Earth microbes could contaminate space samples, researchers say
Fungi found growing in a supposedly sterile NASA lab raises concerns about the integrity of material brought back from missions. Richard A Lovett reports.
Scientists studying “clean” labs in which extraterrestrial objects ranging from meteorites to Moon rocks are stored have found that these facilities may not be quite as clean as they thought. This raises concerns for when Japan’s Hyabasu-2 and NASA’s OSIRIS-REx missions bring back samples from two asteroids in 2020 and 2023.
As scientists search for life on Mars and other worlds, one of the biggest concerns has been ensuring that we don’t contaminate them with bacteria hitchhiking from Earth on spacecraft and landers.
But the reverse also applies: we need to make sure that the same organisms don’t contaminate samples brought back from other worlds.
Not that there’s a risk of them being mistaken for ET, but these organisms can alter the chemistry of samples, making it difficult to determine whether chemicals found in them actually originated in space, says Aaron Regberg, a geomicrobiologist at NASA’s Johnson Space Flight Centre in, Houston, Texas, US.
For example, he says, “there are whole suites of amino acids that have been identified in carbon-rich meteorite samples, which are relatively rare on Earth. [But] you have to convince yourself that the compounds were originally part of the meteorite and not added later.”
Bacterial contamination has long been recognised as a concern, but it turns out that fungi are also an issue. In a paper presented at the Lunar and Planetary Science Conference in The Woodlands, Texas, Regberg said he was surprised by the variety and number of fungi found growing in NASA’s Meteorite Lab — a facility that isn’t a top-end clean room but which is designed to minimise contamination from materials such as trace metal contaminants or other environmental pollutants. Such labs “are kept very clean,” he says.
Fungi are an important overlooked source of contamination, he says, because they are capable of producing exotic amino acids. Because these are not produced by most Earth life, they are sometimes “targets of investigation” for researchers looking to determine the production of amino acids in space. But if they can also be produced by moulds living in the labs or on the samples, he says, that’s something important not only to know, but to avoid.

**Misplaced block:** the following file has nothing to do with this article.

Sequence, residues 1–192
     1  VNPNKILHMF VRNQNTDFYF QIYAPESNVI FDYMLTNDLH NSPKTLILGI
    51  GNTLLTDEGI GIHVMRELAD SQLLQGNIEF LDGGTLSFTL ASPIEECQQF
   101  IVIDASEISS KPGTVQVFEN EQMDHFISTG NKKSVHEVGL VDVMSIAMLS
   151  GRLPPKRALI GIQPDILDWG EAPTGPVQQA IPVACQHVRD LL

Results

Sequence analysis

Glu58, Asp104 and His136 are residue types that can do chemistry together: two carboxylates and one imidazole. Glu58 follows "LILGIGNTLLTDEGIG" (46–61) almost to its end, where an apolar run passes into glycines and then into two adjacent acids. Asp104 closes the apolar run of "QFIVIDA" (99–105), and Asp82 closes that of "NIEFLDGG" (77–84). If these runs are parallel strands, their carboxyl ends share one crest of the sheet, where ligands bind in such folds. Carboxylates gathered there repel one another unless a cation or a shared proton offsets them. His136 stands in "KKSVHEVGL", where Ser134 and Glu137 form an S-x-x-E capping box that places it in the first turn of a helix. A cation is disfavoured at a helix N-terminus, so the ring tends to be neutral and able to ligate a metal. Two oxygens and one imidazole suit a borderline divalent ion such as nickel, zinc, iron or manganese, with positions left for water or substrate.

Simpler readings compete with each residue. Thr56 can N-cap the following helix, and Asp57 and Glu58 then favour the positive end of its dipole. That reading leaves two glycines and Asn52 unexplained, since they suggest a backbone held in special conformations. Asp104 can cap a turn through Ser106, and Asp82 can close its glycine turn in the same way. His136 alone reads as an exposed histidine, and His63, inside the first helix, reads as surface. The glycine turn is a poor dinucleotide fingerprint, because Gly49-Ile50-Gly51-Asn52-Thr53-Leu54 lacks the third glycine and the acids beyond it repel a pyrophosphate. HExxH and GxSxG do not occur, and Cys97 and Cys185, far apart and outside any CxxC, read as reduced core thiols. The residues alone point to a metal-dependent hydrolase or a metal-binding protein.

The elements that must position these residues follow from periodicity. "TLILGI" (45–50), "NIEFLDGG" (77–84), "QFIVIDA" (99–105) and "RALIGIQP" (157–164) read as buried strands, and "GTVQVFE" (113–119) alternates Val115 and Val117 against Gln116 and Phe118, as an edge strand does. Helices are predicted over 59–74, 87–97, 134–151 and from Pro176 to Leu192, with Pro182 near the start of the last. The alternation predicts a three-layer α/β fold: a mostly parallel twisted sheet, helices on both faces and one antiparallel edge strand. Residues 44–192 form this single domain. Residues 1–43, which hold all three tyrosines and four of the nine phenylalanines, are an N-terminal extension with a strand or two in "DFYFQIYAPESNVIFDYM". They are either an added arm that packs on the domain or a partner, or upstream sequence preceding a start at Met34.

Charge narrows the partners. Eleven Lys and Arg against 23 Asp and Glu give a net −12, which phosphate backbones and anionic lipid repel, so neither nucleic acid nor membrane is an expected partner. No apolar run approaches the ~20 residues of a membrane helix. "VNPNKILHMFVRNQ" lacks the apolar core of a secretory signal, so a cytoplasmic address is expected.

Some examples of fungi that can create such amino acids are species in the genus Penicillium, some of which also produce the antibiotic drug penicillin. Such moulds, Regberg adds, were indeed found in his study, although not the varieties known to produce exotics. Still, it’s a warning that clean rooms — and by implication, space rocks — can easily be contaminated by fungi that could ruin important lab tests.
It’s easy, of course, to solve this by making sure that all samples brought back by Hyabusa-2, OSIRIS-REx, or a future Mars sample return are treated in ways that ensure that they are free of fungi or other microorganisms. “As microbiologists, we know how to keep things sterile,” Regberg says.
The question is how to do that without ruining the sample in the process, by chemically altering it. For example, a standard method of sterilising materials is by autoclaving – baking them at a high temperature. This, in fact, is what is done with external surfaces of Mars rovers and similar equipment.
But Regberg says, “no one is going to let me autoclave samples. Nor do I want to. We have to have a conversation about what steps we can take without causing a new problem.”
Regberg’s fungi, however, don’t appear to pose an additional risk for accidentally carrying Earth life to Mars or other exploration sites. That’s because Mars-bound hardware is better able to withstand autoclaving than space rocks, and the processes designed to kill off any bacteria on them are also “pretty effective” at killing fungal spores.
“They’re not as resistant to heat as bacterial spores,” Regberg says. “But if you sent people, that’s a different story.”
Even that, however, might not be as big a concern as once believed, says another study, led by Andrew Schuerger of the University of Florida.
Schuerger could not be reached for comment (and did not appear in Houston to present his study), but according to the conference abstract, his team studied microbiological samples from a simulated Mars base on Devon Island in the Canadian Archipelago, used each summer since 2000 as an analogue for human habitats in the cold desert of Mars.
Schuerger’s study focused on human “commensal” bacteria and fungi (ones that normally life in our gut, mouth, or skin), looking to see how far they spread from living spaces, latrines, and mess hall tents. The results are preliminary, but found that these microorganisms are not easily dispersed under Devon Island conditions, which are actually somewhat less extreme for Earth life than those on Mars.
“If confirmed, these results may indicate that human habitats on Mars will not overly contaminate the local terrains surrounding the landing sites,” he wrote.